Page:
Another thought was to charge students who don't recycle. Much like a speeding ticket or not wearing your seatbelt, if you were caught in the act of not recycling something that could have been recycled, you would be asked to pay a fine. This will not work either. College students are already suffering from financial burdens. There's no way that making them pay a fine would make them want to recycle more often. Students will just simply not pay them.

The last idea was to provide incentives for those who recycle regularly. This solution will not work because it will cost BSU more money than it has to spend. The solution to this evolving problem is to educate more and to make containers more convenient.

The solution to this problem is almost as simple as the reasons why the current situation isn't working out. Education and convenience. BSU needs to implicate more education in the classrooms and on campus about how to recycle properly. BSU has already implemented a "Bottled Water Ban" beginning next year. This will ban the sales of bottled water on campus. "Plastic water bottle recycling is of tremendous practical importance, as US sales of bottled water have grown rapidly, from around 20 billion bottles in 1997, to 36 billion in 2006, reaching 50 billion in 2008." (Viscusi, Joel, Bell) I feel that one day a month, a professor could take one class period, or half of one, to lecture on recycling and how its done. While there are posters and events already being held on campus to promote recycling, most students do not willingly participate or look at the promotional events. These lectures would not be known to the students on which days they are being held. An incentive such as a few extra credit points could be put into place to help keep students in class during this session. Students just are not fully aware of how important it is to recycle. There are many things that we think of that could be recycled but actually cannot be put into those specific containers.

The need for larger and more containers on campus is a huge deal. Containers that are fun, interactive, and that are simple to understand are almost necessary with the size of our campus. Project No Waste was a project designed by the Science Museum of Minnesota. Four bins, each with a different label, cans and bottles, mixed paper, compost, and trash, were set up around the museum to help individuals know which bin they're waste needed to go in. " Since our comprehensive waste management program Project No Waste launched in 2011, we increased our recycling rate from a mere 18% to 75%!" (Science Museum of Minnesota) Introducing containers like these to BSU could help increase the amount of trash we are recycling. Each year, Hagg Sauer has a waste audit conducted on the amount of trash people in just that building produce. The Sustainability office on campus is in charge of conducting the audit, digging through the trash themselves. The results below are from the waste audits since 2011.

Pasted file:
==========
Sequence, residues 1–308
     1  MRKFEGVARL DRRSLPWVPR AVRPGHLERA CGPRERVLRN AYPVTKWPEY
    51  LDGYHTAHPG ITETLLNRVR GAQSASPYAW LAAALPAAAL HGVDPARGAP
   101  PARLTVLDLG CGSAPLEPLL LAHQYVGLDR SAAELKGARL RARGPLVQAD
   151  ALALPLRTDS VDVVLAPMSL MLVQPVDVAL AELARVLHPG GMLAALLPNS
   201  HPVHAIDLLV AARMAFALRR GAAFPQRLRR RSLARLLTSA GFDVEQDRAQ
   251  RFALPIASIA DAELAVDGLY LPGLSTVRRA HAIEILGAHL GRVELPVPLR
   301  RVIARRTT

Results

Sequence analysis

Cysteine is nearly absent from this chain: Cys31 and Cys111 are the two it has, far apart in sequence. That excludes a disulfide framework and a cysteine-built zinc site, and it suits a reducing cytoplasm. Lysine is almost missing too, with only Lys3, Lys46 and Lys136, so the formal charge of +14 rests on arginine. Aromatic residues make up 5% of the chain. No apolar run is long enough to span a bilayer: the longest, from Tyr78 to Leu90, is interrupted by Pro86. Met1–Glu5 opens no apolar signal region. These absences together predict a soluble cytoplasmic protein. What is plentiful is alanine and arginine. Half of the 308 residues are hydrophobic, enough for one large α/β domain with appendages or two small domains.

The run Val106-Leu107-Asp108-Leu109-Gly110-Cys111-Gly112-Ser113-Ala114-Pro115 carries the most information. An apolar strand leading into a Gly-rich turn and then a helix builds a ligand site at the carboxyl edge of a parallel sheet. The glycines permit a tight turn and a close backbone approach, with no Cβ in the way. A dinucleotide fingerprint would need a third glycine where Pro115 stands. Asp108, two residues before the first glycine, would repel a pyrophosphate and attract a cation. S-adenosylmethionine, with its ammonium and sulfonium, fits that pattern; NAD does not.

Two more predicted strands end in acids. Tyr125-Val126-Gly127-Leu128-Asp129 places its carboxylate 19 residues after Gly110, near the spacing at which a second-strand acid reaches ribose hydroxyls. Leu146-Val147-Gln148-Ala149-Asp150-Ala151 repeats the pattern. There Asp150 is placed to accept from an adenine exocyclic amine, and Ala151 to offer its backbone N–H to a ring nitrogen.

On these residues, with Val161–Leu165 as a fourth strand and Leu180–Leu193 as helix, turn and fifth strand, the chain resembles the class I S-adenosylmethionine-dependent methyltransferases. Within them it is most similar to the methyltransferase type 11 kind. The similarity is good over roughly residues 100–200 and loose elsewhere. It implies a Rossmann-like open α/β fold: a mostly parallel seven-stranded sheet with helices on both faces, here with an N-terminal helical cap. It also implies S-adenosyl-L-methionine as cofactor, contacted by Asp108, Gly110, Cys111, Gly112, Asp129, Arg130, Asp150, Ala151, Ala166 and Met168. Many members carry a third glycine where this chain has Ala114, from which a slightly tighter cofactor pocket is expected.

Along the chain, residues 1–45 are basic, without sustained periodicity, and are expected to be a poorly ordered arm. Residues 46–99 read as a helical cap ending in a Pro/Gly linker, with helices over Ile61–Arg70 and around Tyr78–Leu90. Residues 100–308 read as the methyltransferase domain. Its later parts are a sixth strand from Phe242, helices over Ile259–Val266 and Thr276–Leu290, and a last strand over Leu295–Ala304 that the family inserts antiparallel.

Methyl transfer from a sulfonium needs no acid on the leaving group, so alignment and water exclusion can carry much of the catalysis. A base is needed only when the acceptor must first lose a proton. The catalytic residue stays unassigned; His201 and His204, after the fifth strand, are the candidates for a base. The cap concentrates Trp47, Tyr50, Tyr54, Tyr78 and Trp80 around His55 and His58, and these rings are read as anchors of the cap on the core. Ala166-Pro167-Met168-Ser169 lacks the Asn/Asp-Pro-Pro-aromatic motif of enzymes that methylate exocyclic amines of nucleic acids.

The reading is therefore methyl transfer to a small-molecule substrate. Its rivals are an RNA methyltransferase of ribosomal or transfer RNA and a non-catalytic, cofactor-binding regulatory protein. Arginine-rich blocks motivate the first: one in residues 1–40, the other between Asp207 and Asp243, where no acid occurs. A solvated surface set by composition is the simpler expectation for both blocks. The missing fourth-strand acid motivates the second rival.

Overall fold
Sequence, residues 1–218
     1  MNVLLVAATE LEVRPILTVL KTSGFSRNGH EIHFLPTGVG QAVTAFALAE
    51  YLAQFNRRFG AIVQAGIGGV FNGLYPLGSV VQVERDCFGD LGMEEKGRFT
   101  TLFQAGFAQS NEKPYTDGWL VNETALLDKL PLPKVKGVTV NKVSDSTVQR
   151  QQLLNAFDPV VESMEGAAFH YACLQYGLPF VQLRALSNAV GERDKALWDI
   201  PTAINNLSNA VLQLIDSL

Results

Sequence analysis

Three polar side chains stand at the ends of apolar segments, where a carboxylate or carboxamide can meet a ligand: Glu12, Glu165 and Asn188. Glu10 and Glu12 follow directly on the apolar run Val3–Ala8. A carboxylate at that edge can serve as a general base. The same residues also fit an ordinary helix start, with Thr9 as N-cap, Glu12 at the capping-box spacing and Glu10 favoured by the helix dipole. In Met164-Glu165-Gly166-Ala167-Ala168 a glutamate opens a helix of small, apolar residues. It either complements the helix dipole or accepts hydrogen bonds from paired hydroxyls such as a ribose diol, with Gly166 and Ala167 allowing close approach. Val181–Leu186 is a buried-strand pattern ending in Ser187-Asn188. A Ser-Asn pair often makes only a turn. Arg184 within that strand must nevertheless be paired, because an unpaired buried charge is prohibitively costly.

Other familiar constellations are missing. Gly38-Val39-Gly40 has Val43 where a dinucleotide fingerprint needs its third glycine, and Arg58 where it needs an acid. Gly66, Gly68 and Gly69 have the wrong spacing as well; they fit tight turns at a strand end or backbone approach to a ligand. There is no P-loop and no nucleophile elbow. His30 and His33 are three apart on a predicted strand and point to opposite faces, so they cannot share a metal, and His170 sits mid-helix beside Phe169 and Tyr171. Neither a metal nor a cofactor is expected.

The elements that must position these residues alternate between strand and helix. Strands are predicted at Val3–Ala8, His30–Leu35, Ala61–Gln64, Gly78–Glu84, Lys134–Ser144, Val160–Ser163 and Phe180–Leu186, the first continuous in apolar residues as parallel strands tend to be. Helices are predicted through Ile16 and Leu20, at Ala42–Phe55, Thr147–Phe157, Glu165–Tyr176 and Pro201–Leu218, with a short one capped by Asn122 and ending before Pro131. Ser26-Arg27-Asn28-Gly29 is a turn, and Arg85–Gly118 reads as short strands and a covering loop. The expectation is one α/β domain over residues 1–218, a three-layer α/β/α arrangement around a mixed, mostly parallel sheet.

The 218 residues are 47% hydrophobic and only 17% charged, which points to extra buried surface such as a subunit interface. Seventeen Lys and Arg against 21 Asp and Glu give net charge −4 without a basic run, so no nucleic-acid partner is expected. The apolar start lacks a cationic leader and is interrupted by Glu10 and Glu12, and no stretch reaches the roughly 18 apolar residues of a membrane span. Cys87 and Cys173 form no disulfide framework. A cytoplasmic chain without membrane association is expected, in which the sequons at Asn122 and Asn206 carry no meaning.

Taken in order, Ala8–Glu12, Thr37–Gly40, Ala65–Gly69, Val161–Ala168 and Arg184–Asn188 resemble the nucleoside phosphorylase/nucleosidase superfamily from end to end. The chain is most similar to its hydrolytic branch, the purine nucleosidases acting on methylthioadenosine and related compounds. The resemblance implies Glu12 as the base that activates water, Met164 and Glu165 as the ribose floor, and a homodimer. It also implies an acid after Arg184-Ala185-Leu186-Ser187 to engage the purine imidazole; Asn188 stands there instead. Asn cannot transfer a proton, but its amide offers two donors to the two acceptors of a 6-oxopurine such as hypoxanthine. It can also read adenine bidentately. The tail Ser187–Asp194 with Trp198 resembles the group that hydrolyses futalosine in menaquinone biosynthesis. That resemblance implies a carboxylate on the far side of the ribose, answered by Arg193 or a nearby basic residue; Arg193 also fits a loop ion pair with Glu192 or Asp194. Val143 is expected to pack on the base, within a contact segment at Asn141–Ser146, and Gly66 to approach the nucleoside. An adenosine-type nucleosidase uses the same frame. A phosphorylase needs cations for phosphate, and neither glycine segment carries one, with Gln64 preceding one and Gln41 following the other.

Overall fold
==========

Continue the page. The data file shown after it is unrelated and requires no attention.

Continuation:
Year Total Waste Collected (lbs) % of fiber that could have been recycled % containers that could have been recycled % non-recyclables (garbage)
2011 221.5 13.32% 8.13% 78.6 %
2012 339.3 11.1% 6.5% 82.5%
2013 288.6 6.3% 5.8% 87.9%
2014 328.9 11.2% 9.0% 79.7%

These containers also need to be emptied more often, or have larger containers installed. It doesn't look very appealing to repeatedly stack recyclables on top of the container because it is full. Most will resort to throwing these containers into the garbage can which is placed next to the recycling bins. This solution is the only one that will work. Why? Providing more in-depth learning opportunities and guidance along with strategically placing new containers gives BSU a less of an expense than with the previous mentioned solutions. Minimal upkeep will be needed with these two solutions. If during this minimal upkeep, the containers are kept in good working conditions, they will virtually never have to be replaced. This is better in the long run because its basically a one time expense versus an ongoing expense. Which in return, means that tuition prices won't have to be raised due to the fact of having those other solutions.

As one of the few campuses that are located on the shore of a lake, the importance of making sure we know where our trash is going is a huge deal. When we throw something away, it isn't disappearing. It's ending up in places that we don't want it to be going. By providing former, current, and future students at Bemidji State University, with the education they need to not only have a successful career but to also have a greater knowledge of how to recycle, we can make a difference. Making these disposal units become more available and easily accessible by all will greatly increase our chances of having more participation in the recycling world.